In team exit interviews following last season, neither Stotts nor Olshey touched on Claver or his future with the Blazers. In his own exit interview, Claver told reporters when asked about a potential trade:
I need to play. I don't know where. I don't know if they're going to give me the opportunity here or if I'll have to go to another team. I have to play because it's my last year. It's very important for me. I can't be another year with no playing time.
Claver also said in his exit interview that he wouldn't be participating with Portland in the 2014 Las Vegas Summer League -- which will include Barton, Freeland and Robinson on the roster -- in favor of playing with the Spanish national team.
With a solid group of starters helping the Blazers finish the 2013-14 season with 54 wins, Olshey's main task this summer appears to be shoring up Stotts' bench rotation. With sixth man Mo Williams' likely opt-out and veteran Earl Watson walking, Portland's GM has two potential roster spots and limited salary cap space to work with. Wright, Barton, Freeland and Robinson are all on the Blazers' books through next season, also Claver's last guaranteed year with the team.
With high-minute starters and a glut of forwards on Portland's bench -- not to mention possible reinforcements Olshey could bring in this offseason -- what is Claver's spot in the Blazers' rotation going forward? At the small forward position, Wright brings over a decade of NBA experience and a reputation as a spot-up shooter while Barton is a pure scorer. At power forward, Robinson has through-the-roof potential on both sides of the ball and plenty of athleticism as Freeland brings gritty, consistent effort on a nightly basis.
As more of a multi-use tool who doesn't really excel at anything, does Claver bring any one thing off Portland's bench that can't be found elsewhere, and likely more efficiently?
A panel of four Blazers experts from local media -- including The Oregonian's Joe Freeman, Trail Blazers Digital Reporter Casey Holdahl, The Columbian's Erik Gundersen and Ben Golliver from Blazersedge -- unanimously agreed in a roundtable discussion back in May that the 2014-15 season looks to be Claver's last year with Portland barring unforeseen circumstances.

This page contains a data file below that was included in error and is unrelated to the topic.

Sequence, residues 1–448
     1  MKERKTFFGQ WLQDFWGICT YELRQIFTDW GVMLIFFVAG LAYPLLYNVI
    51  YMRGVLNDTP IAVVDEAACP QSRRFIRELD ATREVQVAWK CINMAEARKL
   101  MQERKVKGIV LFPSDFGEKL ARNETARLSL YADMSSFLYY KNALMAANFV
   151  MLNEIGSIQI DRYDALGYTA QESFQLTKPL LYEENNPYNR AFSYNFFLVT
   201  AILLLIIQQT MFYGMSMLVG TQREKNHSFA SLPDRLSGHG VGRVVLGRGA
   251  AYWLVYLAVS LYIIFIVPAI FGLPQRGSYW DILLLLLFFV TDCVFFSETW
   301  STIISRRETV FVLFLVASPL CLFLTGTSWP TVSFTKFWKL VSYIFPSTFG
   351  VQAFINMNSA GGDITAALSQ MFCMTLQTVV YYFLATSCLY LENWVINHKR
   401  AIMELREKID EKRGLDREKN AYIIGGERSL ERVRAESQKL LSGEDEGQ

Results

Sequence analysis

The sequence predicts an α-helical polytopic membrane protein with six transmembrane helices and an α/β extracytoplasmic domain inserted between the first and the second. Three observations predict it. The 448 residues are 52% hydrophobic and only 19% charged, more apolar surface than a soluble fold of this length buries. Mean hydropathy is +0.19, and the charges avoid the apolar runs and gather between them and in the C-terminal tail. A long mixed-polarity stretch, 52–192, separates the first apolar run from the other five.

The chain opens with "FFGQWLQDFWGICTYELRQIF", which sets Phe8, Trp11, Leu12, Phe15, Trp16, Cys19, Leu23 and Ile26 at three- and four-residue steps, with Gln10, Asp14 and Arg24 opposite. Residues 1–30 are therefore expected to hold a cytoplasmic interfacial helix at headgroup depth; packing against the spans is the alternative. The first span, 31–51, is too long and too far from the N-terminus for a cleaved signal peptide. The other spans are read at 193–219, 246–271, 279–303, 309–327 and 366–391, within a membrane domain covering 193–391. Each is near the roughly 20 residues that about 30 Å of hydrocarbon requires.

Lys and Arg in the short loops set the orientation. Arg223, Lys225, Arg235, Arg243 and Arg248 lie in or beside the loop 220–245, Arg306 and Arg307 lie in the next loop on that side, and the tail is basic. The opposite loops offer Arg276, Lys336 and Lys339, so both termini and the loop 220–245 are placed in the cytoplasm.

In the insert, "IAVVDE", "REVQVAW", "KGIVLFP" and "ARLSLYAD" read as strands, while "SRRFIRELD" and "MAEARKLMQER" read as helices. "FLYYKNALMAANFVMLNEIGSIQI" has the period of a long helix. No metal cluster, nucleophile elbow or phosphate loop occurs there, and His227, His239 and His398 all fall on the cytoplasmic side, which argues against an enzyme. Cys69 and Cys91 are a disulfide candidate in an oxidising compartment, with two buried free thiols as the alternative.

Golliver even advocated a trade of the two-year forward in his response:
Please trade this man already, for his sake. Victor Claver did a nice job staying professional throughout the 2013-14 season, even though he barely played. Both the Blazers and Claver got basically nothing from their relationship this season, and that will continue as long as Claver struggles to knock down wide-open shots on the perimeter. I enjoy watching him play -- particularly with the Spanish national team, where his comfort factor appears much higher than in Portland -- but it's time for him to find a new home. Portland is well covered at his position.
What do you think the Blazers should do with Claver? Perhaps Olshey should be seeking a trade partner willing to take a gamble on the Spanish wing, but does one exist? Claver's $1.37 million contract for next year could also function in a three-team trade or be part of a bigger deal ... Or maybe you think Claver can find his way into Stotts' bench rotation next season and be a contributing role-player for the Blazers going forward. Under what circumstances do you see that happening?
Regardless of what Olshey has up his sleeves this summer, though, this is an important offseason for Claver, as his future with Portland certainly appears murky at best.
-- Chris Lucia | firstname.lastname@example.org | Twitter